Clark County’s unemployment didn’t register much change in March, according to state data released Tuesday. With the unemployment rate measured at 4.3 percent, it’s going to be a benchmark for how bad things get in the coming months.
“This is the last good month before our Wile E. Coyote moment, statistically,” said Scott Bailey, regional economist for Southwest Washington. “March statistics will not reflect the impact of COVID because the reference point for measuring the unemployed rate and how many jobs we had is the week covering the 12th of the month. That was the week before initial unemployment claims skyrocketed.”
Bailey expects April’s employment data from the Employment Security Department to show double-digit unemployment. Since the public health restrictions were imposed in late March, the number of unemployment claims filed has increased 21-fold. The April unemployment number will be released May 20.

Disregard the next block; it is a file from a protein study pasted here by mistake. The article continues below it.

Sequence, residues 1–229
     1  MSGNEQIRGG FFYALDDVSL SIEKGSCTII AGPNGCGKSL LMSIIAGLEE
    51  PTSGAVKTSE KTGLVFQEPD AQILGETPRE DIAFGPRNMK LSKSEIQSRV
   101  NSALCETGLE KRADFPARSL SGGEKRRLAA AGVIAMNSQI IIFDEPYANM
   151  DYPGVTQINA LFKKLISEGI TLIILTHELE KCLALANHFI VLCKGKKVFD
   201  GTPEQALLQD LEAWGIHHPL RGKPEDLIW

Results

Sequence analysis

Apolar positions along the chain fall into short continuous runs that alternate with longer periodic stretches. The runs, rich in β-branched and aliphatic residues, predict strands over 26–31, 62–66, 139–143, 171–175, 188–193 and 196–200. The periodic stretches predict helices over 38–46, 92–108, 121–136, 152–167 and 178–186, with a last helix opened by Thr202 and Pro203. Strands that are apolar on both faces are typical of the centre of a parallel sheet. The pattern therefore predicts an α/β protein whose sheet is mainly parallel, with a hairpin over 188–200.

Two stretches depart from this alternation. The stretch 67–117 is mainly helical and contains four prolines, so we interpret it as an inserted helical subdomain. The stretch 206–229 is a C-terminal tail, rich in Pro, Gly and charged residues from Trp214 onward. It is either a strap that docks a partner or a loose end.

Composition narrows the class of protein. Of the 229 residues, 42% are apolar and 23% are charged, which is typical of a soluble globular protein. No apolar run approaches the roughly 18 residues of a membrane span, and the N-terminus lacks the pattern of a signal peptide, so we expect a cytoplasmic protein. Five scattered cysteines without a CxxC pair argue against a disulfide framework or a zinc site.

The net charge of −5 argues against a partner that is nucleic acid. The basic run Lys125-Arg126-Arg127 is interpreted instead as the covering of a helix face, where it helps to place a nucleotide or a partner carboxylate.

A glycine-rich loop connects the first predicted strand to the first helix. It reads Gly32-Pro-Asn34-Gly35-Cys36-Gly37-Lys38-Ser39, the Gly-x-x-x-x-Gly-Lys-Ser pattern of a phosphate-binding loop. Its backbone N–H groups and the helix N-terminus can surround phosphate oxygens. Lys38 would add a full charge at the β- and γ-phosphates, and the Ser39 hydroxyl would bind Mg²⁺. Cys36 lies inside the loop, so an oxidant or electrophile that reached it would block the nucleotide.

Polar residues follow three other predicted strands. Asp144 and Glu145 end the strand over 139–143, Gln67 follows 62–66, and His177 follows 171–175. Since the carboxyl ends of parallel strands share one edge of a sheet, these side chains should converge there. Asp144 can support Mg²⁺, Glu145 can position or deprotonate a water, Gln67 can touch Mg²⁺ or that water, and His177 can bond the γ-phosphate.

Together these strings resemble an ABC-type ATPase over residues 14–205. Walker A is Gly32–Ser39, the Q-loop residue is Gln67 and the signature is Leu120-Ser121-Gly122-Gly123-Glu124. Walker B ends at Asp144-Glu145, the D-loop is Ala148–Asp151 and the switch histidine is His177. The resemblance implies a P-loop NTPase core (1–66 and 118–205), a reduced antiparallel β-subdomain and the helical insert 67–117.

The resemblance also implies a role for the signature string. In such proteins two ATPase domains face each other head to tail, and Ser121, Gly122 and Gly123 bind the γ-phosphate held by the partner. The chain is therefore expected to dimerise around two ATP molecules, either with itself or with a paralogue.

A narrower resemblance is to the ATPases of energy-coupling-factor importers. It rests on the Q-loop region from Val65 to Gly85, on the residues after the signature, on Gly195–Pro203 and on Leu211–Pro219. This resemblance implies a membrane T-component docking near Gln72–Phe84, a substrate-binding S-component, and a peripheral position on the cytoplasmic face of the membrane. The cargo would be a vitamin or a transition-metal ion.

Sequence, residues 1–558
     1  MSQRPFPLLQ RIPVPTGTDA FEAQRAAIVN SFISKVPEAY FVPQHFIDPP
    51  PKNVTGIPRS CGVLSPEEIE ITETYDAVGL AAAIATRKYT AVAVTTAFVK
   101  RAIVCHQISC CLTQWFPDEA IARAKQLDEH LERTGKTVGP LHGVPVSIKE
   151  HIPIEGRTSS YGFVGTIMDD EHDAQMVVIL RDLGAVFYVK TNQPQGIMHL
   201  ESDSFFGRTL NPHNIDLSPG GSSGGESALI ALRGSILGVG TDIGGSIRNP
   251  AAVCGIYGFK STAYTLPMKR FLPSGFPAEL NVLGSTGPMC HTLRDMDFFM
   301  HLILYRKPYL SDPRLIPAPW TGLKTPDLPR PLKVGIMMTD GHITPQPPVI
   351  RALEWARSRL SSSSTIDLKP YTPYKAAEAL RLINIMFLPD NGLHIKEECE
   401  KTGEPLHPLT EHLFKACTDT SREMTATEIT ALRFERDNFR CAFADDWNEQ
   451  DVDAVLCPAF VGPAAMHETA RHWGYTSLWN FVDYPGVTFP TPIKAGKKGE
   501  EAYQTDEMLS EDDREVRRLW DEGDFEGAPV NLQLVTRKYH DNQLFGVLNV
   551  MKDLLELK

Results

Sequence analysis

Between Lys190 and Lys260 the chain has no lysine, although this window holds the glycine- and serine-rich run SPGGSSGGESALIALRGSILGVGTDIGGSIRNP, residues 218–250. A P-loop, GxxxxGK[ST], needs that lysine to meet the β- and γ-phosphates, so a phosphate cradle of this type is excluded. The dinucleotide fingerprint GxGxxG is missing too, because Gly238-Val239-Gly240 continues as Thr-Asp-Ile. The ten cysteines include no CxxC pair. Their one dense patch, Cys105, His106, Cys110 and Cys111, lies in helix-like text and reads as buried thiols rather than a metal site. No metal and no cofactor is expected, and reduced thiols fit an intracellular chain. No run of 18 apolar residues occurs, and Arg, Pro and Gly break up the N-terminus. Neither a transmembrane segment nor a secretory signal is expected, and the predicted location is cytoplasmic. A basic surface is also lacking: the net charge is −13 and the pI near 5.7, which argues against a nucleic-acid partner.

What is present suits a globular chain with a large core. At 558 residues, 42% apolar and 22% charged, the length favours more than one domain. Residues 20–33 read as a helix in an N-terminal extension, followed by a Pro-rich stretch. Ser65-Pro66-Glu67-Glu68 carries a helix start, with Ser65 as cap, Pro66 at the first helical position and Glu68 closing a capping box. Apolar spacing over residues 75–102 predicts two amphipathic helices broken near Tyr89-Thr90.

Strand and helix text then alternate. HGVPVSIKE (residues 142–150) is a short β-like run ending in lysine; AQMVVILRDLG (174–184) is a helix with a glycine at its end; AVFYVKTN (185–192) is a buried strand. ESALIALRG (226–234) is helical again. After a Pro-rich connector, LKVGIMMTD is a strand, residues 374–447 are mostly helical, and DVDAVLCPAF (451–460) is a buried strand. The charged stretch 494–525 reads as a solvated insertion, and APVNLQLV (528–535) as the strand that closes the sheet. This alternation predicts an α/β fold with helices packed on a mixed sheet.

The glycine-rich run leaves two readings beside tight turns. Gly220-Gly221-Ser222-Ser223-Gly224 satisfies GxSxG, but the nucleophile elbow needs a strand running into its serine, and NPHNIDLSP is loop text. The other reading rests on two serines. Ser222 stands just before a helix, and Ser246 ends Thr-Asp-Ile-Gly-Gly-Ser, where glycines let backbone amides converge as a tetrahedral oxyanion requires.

Until then, the scent of a healthy job market lingers. Seasonally unadjusted jobs in Clark County hit 172,100 in March. Construction was the leading sector for new jobs with 400. Education and health services each added 300 jobs.
The unemployment rate of 4.3 percent was the lowest since December, which had a 4.2 percent rate. It hadn’t been that low since the late 1990s, according to Bailey.
“Historically, it’s pretty low,” Bailey said.
The virus’s effects infected the statewide statistics: Washington’s employment decreased by 11,100 in March, and the unemployment rate increased to 5.1 percent.
Nationally, unemployment increased by 1 percentage point in March as 700,000 jobs were lost.
“Those changes were dominated by four states on the East Coast, where things hit a little earlier,” Bailey said.
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